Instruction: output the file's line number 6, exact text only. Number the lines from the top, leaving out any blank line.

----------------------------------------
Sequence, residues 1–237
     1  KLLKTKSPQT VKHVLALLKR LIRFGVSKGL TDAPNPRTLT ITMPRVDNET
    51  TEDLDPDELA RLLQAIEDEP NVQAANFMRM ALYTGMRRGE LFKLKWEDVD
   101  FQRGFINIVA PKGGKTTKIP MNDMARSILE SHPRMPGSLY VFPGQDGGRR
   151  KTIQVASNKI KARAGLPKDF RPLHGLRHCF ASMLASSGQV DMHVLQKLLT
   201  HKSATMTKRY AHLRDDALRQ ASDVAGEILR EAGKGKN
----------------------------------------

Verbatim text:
   201  HKSATMTKRY AHLRDDALRQ ASDVAGEILR EAGKGKN